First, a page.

We have always made a big deal out of booking artists without big deals under their belts. In doing so, unsigned talent gets a chance to develop and our audience gets more moments of serendipity.
We all know how it feels when art immerses us. It has the potential to trigger peak experiences, bringing pure pleasure and ecstasy to our souls. When we unleash this creativity on a natural canvas such as our magnificent mountain, its potential is enhanced enormously, making even the staunchest art critics dance on air.
This beauty is not just in the eye of the beholder. Nature also feeds the imagination of the artist, pushing the art itself to new heights. That’s why dead art in a sterile museum never comes even close to experiencing live art in natural surroundings. Context is everything. And a text like this can never do justice to such a glorious symbiosis of art and nature. Stop reading, now. Just come out and play.
We believe that climbing the mountain is a pilgrimage of sorts, leaving our often-too-fast daily lives behind to slowly reflect upon it from a higher point of view, together with like-minded souls. If we arrive with our minds full, may we leave in full-hearted mindfulness.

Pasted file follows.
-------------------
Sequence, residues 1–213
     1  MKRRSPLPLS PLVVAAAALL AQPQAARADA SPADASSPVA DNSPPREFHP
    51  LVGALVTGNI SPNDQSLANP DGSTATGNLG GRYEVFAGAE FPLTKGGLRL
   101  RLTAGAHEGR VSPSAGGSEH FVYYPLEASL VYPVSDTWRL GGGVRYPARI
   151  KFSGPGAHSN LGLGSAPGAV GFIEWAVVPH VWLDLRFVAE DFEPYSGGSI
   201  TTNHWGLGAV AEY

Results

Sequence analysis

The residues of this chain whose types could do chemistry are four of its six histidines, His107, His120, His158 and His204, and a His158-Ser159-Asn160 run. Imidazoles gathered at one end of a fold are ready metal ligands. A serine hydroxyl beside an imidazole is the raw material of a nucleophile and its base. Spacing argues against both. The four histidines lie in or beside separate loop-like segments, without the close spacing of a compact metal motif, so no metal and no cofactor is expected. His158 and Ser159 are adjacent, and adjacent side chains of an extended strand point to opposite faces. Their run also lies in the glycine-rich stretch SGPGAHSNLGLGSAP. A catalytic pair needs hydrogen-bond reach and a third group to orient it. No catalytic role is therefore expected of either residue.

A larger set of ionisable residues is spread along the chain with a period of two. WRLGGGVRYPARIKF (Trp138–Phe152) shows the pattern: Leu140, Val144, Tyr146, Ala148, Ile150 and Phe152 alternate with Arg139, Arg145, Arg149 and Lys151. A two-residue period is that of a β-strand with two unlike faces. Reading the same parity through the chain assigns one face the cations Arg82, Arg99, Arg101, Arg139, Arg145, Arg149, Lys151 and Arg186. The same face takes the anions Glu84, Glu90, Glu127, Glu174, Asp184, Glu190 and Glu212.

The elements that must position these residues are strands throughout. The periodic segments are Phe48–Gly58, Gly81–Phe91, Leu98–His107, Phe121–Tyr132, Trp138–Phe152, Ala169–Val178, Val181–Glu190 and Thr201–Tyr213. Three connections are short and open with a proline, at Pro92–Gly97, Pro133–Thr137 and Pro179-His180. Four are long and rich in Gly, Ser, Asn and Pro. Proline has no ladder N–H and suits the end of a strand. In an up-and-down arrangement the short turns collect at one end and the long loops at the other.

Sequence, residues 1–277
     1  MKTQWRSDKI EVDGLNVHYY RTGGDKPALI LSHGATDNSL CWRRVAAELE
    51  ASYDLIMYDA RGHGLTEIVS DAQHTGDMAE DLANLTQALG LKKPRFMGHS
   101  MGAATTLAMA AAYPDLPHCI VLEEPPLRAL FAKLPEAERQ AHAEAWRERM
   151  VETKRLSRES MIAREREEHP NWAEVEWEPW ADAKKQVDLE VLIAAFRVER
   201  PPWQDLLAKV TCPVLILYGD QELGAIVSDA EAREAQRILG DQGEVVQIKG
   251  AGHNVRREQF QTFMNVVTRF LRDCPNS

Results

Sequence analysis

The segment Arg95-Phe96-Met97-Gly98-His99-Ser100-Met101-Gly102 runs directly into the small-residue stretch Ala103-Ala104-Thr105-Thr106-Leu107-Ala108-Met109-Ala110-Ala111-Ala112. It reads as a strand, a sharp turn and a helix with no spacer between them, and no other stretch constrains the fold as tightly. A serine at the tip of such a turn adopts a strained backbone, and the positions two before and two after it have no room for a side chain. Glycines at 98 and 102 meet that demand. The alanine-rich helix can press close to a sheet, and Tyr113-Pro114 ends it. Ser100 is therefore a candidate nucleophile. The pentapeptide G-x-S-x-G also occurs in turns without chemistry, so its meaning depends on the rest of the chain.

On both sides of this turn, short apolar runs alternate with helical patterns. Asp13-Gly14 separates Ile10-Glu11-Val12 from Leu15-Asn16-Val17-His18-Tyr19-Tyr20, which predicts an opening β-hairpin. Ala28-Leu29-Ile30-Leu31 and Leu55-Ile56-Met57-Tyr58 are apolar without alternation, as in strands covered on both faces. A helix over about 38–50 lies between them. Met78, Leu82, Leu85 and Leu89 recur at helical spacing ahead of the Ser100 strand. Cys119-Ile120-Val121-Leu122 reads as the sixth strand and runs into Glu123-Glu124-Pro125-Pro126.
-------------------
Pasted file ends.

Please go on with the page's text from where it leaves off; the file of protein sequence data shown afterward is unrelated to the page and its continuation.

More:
More than just a rave, our festival is a ceremony. We seek to offer tools for collective self-discovery and to hold space for the healing of trauma, whether that’s through yoga, cacao rituals, sharing circles or other sacred yet not holier-than-thou practices. Here you may find wise women, elders, shamans and facilitators, leading you to places you never knew existed.
Contrary to what the self-help industry so often propagates, you are not alone in your journey towards inner peace and contentment. It is in the connection and symbiosis with our fellow human beings that we find our way forward. And it is only with open minds, hearts and souls that we can heal not only ourselves, but hopefully the society we choose to live in back home. Shall we make our peak experiences last?